Opposition (Lux, #5)(9)

“It’s like an apocalypse,” Archer murmured.

I swallowed hard. “All we’re missing are the zombies.”

He looked down at me, brows rising, and he opened his mouth, but the snack aisle threw up all over the place.

Chips and pretzels flew into the air, along with cheese puffs and foil wrappings. They rained down, pinging on the floor. There was a hole in the middle of the snack aisle now.

“Let’s get out of here,” he said, and this time I didn’t argue.

I was saving all my words for a different battle, because I knew when we got back to the cabin, if we could, Archer was going to push for us to bounce on out of Idaho. I got that it wasn’t safe here anymore, and if he wanted to leave, so be it. Considering Beth’s condition, it would be smart to get her far away from all of this, but there was no way I was leaving here without Daemon.

Screw that.

We darted down a demolished checkout lane. Archer was in front of me when I ground to a halt, every muscle in my body locking up as a series of tight tingles traveled over the base of my neck.

My knees went weak as the air leaked out of my lungs. The tingling was there, warm and familiar, a feeling that had been absent for two days. In my chest, my heart kicked into hyperdrive, sending the blood roaring through my veins.


I stumbled around slowly, like I was moving in quicksand, scanning the destroyed aisles. Light peeked and pulsed through the destruction of the market. Time seemed to slow down, the air thickening until I couldn’t drag in enough breath. Dizzy, and too hopeful with the rising tide of tangled emotions, I moved back toward the lights.

“Katy!” Archer’s voice traveled from the broken doors. “What are you doing?”

My pace picked up as I neared the collapsed display of candy bars. Snack bags crunched under my feet. My mouth dried and my eyes blurred. The aches and burning pain radiating from my shoulder faded into the background.

Wind picked up, whipping the long, loose strands of hair around my face, and I wasn’t sure where that was coming from, but I pushed forward, nearing the edge of the destroyed snack aisle.

I stepped to the side, just a foot or two, and looked up the aisle to the end. My heart stopped. My entire world came to a startling pause.

“Dammit!” shouted Archer, his voice closer. “No!”

But it was too late.

I saw him.

And he saw me.

He stood at the end of the aisle in his true form, shining as bright as a diamond. He didn’t look any different than the rest of the Luxen, but every ounce of my being knew it was him. The very cells that made me who I was snapped alive and cried out for him. He still was the most beautiful thing I’d ever seen. Tall and shining like a thousand suns, edges shimmering a faint red.

I took a step forward at the same moment he did, and I reached out to him the way we could, because when he had healed me all that time ago, he’d connected us together. Forever.

Daemon? I called out to him through the connection.

He disappeared from in front of me, moving too fast for even me to track.

“Kat!” Archer yelled. At the same time, I swore I heard my name echoing in my head in a deeper, smoother voice that caused my belly to flip and the strings attached to my heart to pull taut.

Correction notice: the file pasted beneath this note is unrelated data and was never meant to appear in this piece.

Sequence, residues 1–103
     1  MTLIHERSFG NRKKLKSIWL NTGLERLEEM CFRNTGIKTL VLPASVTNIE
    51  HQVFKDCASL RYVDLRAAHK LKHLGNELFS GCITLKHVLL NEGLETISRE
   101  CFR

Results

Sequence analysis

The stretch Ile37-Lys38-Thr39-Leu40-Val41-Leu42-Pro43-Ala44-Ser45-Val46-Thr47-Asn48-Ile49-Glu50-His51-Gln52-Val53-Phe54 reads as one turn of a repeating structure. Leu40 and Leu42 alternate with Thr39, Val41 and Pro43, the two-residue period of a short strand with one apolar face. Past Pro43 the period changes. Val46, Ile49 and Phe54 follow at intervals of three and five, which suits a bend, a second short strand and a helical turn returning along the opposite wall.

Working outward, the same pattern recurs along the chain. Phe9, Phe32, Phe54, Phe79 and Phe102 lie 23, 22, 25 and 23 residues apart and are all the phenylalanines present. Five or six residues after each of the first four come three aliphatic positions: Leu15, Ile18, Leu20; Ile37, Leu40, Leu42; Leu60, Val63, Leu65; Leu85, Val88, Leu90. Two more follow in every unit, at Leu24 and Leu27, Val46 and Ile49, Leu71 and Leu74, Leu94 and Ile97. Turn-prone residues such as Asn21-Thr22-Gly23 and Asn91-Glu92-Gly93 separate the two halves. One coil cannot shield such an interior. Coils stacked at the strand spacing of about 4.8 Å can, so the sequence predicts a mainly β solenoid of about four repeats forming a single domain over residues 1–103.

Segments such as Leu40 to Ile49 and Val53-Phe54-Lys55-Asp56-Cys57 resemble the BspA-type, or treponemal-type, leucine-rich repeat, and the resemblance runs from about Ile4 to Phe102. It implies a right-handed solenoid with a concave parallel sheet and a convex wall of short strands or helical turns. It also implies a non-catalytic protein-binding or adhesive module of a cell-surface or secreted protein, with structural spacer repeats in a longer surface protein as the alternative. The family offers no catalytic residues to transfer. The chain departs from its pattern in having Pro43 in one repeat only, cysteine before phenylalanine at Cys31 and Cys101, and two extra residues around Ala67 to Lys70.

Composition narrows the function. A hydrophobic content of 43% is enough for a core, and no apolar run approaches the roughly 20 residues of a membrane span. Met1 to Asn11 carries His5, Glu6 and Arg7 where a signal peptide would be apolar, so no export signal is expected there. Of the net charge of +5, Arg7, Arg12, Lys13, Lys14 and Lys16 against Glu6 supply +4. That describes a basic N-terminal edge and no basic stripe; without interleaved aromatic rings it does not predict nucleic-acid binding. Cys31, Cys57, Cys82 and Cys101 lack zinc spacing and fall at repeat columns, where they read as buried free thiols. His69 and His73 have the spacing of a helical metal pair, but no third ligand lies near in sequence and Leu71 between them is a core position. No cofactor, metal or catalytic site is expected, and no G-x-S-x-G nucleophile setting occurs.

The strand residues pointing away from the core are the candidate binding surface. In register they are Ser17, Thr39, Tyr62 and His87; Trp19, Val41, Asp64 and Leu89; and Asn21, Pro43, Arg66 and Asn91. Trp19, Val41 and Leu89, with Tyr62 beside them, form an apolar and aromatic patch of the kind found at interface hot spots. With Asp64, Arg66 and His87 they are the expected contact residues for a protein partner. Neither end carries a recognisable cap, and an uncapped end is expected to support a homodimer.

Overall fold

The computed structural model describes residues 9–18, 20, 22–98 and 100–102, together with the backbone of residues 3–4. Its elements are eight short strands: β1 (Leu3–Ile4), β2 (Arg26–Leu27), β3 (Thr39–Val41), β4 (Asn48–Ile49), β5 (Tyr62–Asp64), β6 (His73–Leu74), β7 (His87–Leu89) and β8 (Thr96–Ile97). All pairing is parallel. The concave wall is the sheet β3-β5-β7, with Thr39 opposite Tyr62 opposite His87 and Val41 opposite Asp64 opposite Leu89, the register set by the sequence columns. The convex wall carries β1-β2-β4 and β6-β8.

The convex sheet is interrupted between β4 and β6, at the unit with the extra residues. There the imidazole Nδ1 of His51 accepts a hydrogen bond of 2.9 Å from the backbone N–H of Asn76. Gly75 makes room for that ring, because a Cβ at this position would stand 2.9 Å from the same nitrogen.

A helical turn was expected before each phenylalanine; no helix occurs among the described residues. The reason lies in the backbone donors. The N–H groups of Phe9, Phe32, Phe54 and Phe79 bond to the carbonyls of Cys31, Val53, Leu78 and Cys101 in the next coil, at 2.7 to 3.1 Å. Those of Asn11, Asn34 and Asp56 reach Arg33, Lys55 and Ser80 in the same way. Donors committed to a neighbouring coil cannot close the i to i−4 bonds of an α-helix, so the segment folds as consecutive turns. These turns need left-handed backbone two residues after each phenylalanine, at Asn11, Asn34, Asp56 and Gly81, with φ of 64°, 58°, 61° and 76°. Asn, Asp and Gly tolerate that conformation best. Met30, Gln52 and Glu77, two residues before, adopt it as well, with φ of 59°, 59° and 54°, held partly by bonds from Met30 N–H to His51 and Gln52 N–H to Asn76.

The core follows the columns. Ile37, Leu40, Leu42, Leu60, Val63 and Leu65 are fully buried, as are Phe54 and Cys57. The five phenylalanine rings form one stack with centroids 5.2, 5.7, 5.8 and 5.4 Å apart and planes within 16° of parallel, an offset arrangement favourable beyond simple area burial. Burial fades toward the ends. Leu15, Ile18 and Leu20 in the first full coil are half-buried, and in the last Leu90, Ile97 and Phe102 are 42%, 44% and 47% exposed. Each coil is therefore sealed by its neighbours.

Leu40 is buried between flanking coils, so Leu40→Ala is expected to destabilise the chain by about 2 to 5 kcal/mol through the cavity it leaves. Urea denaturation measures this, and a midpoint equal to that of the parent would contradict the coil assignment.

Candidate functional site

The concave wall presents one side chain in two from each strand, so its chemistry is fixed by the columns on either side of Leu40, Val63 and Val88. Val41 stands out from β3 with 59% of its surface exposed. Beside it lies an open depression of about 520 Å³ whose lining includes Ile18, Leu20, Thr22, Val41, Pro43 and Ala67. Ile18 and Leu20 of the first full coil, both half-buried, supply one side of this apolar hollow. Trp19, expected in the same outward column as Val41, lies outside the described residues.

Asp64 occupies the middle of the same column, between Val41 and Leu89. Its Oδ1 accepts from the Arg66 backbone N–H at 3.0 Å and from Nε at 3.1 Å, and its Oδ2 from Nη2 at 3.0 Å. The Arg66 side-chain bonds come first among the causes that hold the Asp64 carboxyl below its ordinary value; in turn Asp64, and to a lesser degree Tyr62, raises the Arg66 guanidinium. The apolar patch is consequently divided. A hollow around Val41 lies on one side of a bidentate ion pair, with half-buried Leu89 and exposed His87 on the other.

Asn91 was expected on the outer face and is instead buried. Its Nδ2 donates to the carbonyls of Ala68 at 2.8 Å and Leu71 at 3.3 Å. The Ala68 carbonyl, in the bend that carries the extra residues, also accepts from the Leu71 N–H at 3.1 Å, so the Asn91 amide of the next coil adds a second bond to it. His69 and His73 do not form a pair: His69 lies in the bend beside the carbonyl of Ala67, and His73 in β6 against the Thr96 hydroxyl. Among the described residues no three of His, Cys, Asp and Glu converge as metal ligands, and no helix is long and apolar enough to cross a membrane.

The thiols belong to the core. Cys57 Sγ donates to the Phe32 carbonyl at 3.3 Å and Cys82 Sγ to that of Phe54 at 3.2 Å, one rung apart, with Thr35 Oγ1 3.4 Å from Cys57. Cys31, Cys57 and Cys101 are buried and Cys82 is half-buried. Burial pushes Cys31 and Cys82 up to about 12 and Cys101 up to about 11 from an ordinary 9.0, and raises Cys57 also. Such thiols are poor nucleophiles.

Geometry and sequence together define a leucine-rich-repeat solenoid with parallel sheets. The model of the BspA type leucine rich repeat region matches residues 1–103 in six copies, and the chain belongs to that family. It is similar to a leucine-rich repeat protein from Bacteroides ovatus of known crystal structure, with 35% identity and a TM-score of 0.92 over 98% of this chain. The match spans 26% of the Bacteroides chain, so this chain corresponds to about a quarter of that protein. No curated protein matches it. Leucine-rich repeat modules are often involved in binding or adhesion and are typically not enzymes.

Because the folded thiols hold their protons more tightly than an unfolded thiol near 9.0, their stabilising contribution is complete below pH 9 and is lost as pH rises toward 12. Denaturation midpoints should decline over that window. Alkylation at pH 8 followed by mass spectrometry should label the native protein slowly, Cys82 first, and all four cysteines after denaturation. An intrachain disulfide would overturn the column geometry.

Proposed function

Warmth traveled across my back and I turned, coming face-to-face with dazzling emerald-colored eyes; skin that seemed to always be tan, no matter the time of year; broad, sweeping cheekbones; and unruly black hair that brushed equally dark eyebrows.

Full lips tipped up at the corners tightly.

It wasn’t Daemon.

A good head and a half taller, Dawson locked his eyes with mine. I thought I saw a flicker of remorse, but that could’ve simply been wishful thinking. Light rushed from behind his pupils, turning the entire orb of his eyes white. Static traveled across his cheeks, forming tiny fingers of electricity.

There was a flash of intense light, a shocking wave of heat that seemed to lift me off my feet, and then there was nothing.


{ Daemon }

The constant stream of voices in my true tongue, along with a dozen other human languages, caused a fierce throbbing in my temples. The words. The sentences. The threats. The promises. The goddamn nonstop chatter of my newly arrived oh-so-extended family members as they discovered something new to them, which was about every five freaking seconds.

Oh! A blender.

Oh! A car.

Oh! Humans sure do bleed a lot and break easily.

Hell, as soon as they opened their eyes, they were seeing something for the very first time, and while the awe as they tinkered with appliances or with human anatomy was a bit childlike, it was also a little on the demented side of things.

The newly arrived were the coldest sons of bitches I’d ever seen.

In the last forty-eight hours, literally thousands of my kind had come to Earth for the first time, and it was like one giant hive. We were all connected, one wavelength to another, little worker bees for the queen.

Whoever the hell that might be.

The connection was overwhelming at times, the needs and desires and wants of thousands all joined together in the forefront of every Luxen’s mind. Take over. Control. Rule. Dominate. Subjugate. The only time there was even a measure of relief was when I was in my human form. It seemed to dull the connection, dial it back, but not for everyone.

Striding across the polished wood floors of an atrium in a mansion that could house a militia and still have room for sleepovers, I saw my vision tint red when I spied my twin. He lounged against the wall, near a set of closed double doors. His chin was tilted down, brows furrowed in concentration as his fingers flew over the screen of a cell phone. When I was halfway across the brightly lit room that smelled like roses and the faint metallic scent of spilled blood, he lifted his head.

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